Too Big To Finance? No Way!
I’d be surprised if you hadn’t heard last month Microsoft bought out LinkedIn, but you may have missed the fact that Microsoft is borrowing money to pay for the transaction despite having $100 billion in cash and other liquid assets on hand.
Microsoft isn’t the first tech giant to creatively use financing, and won’t be the last. Back in February, Apple did pretty much the same thing while sitting on a stockpile of cash that - at the time - totaled more than $200 billion.
There are two key takeaways from these two instances of financing being used.
Key Takeaway #1: Don’t Assume Your Customers Don’t Need Financing
Most companies use financing; companies of all shapes and sizes use financing. Big companies, small companies, wealthy companies and cash-strapped companies use financing. In fact, according to the ELFA 72% of U.S. businesses use some variation of financing. The next key is to figure out why (see Key Takeaway #2).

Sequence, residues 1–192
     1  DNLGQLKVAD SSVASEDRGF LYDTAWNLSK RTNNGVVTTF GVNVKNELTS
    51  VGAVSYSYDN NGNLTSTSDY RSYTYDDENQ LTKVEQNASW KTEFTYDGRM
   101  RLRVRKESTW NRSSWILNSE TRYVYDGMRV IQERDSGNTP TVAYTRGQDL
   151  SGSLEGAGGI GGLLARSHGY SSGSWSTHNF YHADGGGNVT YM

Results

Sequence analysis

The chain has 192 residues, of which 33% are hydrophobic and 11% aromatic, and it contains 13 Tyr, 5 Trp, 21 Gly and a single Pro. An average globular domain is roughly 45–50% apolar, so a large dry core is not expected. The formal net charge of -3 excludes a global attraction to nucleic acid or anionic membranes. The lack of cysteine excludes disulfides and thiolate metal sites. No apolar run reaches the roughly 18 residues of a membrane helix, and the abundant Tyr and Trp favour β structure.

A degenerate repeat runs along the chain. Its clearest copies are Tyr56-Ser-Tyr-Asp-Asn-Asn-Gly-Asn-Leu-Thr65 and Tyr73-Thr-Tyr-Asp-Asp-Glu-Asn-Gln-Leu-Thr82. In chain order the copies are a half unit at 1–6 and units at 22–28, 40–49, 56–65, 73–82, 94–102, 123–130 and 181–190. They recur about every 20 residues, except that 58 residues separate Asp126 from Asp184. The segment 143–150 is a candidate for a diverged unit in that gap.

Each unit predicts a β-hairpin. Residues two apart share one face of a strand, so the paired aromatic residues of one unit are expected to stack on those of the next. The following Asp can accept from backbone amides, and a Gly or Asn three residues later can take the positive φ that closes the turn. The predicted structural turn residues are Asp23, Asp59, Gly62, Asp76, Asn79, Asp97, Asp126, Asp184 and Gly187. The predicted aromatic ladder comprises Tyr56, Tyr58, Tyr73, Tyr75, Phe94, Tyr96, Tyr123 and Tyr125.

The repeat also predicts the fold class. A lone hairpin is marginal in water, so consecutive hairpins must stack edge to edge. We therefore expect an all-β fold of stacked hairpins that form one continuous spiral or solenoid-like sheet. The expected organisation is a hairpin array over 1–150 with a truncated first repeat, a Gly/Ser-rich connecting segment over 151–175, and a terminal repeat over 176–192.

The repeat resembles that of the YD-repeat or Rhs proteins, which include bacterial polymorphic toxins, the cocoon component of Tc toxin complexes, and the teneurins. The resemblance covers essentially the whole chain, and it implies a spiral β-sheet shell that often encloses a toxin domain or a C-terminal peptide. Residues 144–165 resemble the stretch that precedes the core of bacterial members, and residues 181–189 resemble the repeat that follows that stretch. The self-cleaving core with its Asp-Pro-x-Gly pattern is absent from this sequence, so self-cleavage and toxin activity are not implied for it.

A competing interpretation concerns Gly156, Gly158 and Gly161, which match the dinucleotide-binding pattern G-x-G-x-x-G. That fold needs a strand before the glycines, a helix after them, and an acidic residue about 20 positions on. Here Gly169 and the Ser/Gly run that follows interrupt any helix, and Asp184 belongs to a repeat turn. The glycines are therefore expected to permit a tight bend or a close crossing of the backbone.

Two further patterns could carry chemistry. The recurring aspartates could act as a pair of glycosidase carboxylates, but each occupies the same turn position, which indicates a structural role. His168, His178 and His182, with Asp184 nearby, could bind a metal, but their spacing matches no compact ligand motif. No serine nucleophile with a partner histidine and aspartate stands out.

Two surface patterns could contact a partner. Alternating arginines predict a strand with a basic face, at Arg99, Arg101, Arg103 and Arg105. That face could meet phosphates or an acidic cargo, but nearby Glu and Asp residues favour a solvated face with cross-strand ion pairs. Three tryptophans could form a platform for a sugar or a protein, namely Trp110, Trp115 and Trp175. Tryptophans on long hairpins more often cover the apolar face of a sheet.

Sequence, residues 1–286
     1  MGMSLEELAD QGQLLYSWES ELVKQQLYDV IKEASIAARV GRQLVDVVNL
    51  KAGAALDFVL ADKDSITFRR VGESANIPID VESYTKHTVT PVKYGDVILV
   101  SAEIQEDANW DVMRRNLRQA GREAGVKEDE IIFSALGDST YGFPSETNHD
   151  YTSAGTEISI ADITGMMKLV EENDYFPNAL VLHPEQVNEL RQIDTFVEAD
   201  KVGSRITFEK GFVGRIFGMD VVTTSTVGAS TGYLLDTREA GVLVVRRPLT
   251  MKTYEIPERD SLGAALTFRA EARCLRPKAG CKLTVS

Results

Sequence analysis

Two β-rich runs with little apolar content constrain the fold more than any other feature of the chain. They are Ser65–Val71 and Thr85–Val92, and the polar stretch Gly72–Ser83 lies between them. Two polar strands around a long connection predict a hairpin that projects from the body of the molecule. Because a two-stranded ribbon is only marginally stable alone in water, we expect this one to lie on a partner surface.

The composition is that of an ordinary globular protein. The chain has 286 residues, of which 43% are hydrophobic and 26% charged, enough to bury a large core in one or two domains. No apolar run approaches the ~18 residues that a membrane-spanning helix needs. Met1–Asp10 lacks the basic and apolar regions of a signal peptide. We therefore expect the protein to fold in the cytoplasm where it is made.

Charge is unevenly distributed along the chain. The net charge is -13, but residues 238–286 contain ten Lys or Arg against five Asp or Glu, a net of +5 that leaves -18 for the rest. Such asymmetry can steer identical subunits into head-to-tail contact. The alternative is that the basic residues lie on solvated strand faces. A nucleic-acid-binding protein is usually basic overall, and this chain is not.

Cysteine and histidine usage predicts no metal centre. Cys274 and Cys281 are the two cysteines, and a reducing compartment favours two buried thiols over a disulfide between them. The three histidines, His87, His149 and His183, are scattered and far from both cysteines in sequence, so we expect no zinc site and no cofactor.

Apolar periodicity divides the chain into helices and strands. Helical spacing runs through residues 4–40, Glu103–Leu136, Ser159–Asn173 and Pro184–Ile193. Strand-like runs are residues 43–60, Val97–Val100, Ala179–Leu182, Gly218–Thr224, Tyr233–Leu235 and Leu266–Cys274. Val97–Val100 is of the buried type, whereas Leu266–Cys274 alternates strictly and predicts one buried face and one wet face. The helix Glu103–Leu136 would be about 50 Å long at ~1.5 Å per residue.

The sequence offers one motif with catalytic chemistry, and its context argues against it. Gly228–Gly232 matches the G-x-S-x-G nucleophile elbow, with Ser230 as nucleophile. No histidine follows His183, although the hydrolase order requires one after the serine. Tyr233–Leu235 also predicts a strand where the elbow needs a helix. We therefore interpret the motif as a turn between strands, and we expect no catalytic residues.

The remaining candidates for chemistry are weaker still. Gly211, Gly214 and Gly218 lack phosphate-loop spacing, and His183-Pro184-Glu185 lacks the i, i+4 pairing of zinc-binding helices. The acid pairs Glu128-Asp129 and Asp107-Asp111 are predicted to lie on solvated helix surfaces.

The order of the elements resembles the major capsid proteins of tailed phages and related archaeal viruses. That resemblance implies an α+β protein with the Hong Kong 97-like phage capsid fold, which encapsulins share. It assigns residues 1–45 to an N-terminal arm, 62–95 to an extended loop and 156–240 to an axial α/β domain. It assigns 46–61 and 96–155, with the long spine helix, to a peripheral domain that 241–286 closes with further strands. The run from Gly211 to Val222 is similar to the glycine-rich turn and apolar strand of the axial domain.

Don’t assume they don’t need financing. Instead, always include a monthly payment option as an alternative to eating up a huge chunk of capital.
Key Takeaway #2: Understand Why Customers Use Financing
According to Bloomberg, "by borrowing, Microsoft will not have to pay a 35% tax rate to repatriate cash from overseas accounts while also cutting down its future US tax bill by deducting interest payments".
Some companies are looking for tax breaks. Others want a predictable budget. Some companies just want to avoid ownership risks of things like technology.
By quoting a monthly payment you’re in a better position to address the customer’s needs. Maybe to fit budget, get what they actually need, or avoid taxes.
When you combine Key Takeaway #1 and Key Takeaway #2 you become more than just a salesperson, you transform into a Trusted Advisor. How do you do that? Simply add a monthly payment option on every proposal and be sure to talk about it with your potential customers.
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- monthly payment